After many years of excellent growth in the UK, the economy is now on the cusp of a recession. House prices are falling, the stock market has seen some trouble and the price of family staples such as food and petrol is shooting up. Despite this, there are ways that you can safeguard your personal economic situation and here are four useful tips to help keep your finances looking healthy.
1. Pay down your balances.
There’s never a more important time to pay down your credit card and loan balances than when you may be facing a job lay off or other financial hard times. This is similar to earning a guaranteed return, which is equal to the amount of interest you save by paying off a credit card or two. You may want to consolidate your credit card debt into one manageable monthly payment by taking out a loan.
2. Prepare for the worst.
Banks are not likely to loan money to people who have been laid off or are otherwise influenced by a trying economy. Set up a home equity line of credit now, while you are still able, and you’ll have access to the cash should you become unemployed. If you’re in need of finance, then Alliance and Leicester can provide loans at low rates, while taking a look at their loans calculator will help you work out what you can afford.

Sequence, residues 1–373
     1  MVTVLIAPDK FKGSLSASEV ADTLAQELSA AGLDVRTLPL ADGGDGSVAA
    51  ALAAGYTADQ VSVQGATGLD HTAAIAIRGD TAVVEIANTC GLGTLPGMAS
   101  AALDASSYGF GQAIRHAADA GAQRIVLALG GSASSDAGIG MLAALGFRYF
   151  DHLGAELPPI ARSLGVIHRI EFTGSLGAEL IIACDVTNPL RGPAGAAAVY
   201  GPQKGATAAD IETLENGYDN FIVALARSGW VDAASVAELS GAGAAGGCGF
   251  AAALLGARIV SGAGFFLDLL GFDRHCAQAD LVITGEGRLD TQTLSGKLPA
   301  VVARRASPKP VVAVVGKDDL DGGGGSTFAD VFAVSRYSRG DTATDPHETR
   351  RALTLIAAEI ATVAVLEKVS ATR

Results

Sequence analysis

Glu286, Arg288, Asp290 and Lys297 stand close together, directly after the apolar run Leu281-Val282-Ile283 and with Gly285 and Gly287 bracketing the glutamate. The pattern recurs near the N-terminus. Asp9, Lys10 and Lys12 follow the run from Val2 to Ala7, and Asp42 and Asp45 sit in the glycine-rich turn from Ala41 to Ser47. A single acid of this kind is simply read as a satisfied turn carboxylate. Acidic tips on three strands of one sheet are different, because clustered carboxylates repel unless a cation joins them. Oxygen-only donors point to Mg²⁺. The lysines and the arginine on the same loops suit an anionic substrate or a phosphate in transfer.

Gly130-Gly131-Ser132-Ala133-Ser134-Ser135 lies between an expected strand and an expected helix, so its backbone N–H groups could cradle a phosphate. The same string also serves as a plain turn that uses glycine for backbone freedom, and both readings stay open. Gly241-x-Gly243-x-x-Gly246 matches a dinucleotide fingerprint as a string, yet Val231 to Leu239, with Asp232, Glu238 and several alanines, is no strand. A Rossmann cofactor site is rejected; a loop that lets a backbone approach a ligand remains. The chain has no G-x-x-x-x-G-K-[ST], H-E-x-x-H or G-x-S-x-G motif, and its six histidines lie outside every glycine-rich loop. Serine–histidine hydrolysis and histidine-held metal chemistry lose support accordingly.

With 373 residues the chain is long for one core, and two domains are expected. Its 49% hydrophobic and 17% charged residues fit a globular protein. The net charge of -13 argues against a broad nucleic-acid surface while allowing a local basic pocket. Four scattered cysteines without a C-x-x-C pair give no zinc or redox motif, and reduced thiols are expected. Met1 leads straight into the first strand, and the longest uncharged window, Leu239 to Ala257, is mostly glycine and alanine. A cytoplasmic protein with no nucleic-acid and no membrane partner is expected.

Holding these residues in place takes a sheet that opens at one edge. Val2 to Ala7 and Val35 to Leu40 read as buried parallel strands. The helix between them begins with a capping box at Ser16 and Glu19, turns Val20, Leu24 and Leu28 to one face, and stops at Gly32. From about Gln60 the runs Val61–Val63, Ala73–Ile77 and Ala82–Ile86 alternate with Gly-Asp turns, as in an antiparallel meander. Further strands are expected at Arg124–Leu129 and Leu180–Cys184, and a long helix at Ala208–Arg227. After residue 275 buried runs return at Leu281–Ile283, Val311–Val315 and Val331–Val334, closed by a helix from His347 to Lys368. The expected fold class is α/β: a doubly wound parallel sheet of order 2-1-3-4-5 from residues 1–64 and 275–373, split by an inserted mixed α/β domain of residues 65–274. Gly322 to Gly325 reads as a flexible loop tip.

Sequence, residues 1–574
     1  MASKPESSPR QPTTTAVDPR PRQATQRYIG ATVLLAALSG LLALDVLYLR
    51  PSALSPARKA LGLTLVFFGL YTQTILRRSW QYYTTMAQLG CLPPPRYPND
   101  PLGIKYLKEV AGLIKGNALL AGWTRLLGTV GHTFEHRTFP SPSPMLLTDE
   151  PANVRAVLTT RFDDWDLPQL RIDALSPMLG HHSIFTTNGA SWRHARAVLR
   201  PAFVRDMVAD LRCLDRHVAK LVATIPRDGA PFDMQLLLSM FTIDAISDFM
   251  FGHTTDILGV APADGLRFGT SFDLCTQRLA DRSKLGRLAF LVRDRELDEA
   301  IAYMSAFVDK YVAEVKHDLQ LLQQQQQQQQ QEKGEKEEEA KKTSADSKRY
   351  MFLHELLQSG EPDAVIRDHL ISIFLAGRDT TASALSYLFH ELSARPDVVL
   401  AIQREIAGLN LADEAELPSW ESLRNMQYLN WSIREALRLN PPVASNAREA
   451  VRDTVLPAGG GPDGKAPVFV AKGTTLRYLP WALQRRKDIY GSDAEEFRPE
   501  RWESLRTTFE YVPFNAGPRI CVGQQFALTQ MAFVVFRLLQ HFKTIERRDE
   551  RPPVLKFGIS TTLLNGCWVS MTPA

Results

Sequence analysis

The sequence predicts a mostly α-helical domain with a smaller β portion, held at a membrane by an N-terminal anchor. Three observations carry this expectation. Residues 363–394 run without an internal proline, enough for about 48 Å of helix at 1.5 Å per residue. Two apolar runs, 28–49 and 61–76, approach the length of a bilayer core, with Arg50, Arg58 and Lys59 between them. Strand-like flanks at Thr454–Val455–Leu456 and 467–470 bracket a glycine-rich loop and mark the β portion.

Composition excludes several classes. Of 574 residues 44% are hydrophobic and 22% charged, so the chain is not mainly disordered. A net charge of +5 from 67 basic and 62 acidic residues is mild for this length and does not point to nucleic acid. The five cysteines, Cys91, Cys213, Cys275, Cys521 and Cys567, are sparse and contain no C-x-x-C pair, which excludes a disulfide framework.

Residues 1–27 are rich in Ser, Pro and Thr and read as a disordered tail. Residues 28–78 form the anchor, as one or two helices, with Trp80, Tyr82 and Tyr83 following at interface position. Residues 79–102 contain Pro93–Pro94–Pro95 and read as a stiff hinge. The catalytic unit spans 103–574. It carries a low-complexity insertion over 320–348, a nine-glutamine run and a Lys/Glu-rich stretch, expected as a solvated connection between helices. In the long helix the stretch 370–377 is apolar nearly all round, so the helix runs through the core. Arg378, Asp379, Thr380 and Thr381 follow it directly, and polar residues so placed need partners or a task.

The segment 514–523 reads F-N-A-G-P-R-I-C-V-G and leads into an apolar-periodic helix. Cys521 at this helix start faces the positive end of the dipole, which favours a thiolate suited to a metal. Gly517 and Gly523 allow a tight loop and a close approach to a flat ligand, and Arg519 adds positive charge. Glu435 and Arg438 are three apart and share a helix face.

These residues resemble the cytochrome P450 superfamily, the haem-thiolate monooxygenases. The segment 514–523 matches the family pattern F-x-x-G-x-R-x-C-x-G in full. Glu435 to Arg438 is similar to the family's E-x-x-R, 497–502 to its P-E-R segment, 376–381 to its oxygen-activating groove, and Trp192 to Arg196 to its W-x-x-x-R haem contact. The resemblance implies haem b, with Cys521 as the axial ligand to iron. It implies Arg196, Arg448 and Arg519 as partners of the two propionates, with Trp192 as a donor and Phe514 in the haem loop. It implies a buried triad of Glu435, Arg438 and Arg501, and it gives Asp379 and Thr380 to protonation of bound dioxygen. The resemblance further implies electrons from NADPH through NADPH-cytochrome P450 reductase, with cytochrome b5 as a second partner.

3. Buy stock.
It seems odd to buy stocks when everything is slowing down in the economy, but typically the stock market dropping is a sign of better times to come, and soon. Buy stocks now and you’re likely to experience a nice return when the economy takes a turn for the better. If you’re inexperienced in stock picking, then it is probably worth considering an ETF. These funds have low initial set up costs, and then they track the performance of a particular index.
4. Forget about chasing bond yields.In previous years, investors would abandon stocks and other investments in favour of bonds to try and ride out a recession or economic downturn. This time though, the stock market and economy is actually suffering due to problems in the bond market. Unless you are a highly skilled investor, it’s not a good idea to try and chase high yields sometimes offered with bonds